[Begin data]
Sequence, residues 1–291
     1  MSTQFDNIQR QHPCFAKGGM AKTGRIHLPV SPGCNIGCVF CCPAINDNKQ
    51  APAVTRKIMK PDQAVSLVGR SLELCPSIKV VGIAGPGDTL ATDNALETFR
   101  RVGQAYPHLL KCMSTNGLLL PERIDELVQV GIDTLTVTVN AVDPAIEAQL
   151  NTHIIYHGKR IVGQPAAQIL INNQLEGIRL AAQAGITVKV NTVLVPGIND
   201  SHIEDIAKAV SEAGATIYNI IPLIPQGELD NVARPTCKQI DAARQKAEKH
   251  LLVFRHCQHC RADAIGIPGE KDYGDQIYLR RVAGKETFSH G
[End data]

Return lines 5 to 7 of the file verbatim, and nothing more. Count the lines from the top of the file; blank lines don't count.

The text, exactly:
   151  NTHIIYHGKR IVGQPAAQIL INNQLEGIRL AAQAGITVKV NTVLVPGIND
   201  SHIEDIAKAV SEAGATIYNI IPLIPQGELD NVARPTCKQI DAARQKAEKH
   251  LLVFRHCQHC RADAIGIPGE KDYGDQIYLR RVAGKETFSH G